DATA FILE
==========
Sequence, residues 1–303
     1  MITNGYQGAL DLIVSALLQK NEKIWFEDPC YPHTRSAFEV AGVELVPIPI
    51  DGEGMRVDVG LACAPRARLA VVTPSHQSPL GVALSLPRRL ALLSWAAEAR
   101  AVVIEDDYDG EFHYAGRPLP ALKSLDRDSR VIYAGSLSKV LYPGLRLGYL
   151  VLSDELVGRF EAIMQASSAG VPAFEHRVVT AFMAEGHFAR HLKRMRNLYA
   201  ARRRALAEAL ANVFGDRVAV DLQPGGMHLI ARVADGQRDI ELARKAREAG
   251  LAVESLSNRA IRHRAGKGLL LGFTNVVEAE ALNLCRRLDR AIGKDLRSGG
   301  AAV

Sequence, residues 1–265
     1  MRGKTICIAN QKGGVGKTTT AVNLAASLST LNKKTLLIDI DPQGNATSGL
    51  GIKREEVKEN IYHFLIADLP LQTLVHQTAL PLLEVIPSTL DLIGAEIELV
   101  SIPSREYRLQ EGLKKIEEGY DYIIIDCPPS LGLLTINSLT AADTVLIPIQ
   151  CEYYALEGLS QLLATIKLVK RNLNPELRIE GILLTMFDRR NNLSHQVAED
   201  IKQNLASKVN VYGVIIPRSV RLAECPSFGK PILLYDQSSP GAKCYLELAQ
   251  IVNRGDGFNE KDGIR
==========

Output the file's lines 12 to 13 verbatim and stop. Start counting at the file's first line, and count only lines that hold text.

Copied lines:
   101  SIPSREYRLQ EGLKKIEEGY DYIIIDCPPS LGLLTINSLT AADTVLIPIQ
   151  CEYYALEGLS QLLATIKLVK RNLNPELRIE GILLTMFDRR NNLSHQVAED